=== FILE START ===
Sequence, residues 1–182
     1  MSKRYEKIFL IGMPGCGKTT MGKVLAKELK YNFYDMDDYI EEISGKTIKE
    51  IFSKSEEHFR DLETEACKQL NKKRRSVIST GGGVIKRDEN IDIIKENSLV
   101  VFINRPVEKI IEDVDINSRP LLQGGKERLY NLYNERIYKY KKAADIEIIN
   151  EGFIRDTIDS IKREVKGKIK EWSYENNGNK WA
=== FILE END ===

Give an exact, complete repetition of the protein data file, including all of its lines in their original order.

Sequence, residues 1–182
     1  MSKRYEKIFL IGMPGCGKTT MGKVLAKELK YNFYDMDDYI EEISGKTIKE
    51  IFSKSEEHFR DLETEACKQL NKKRRSVIST GGGVIKRDEN IDIIKENSLV
   101  VFINRPVEKI IEDVDINSRP LLQGGKERLY NLYNERIYKY KKAADIEIIN
   151  EGFIRDTIDS IKREVKGKIK EWSYENNGNK WA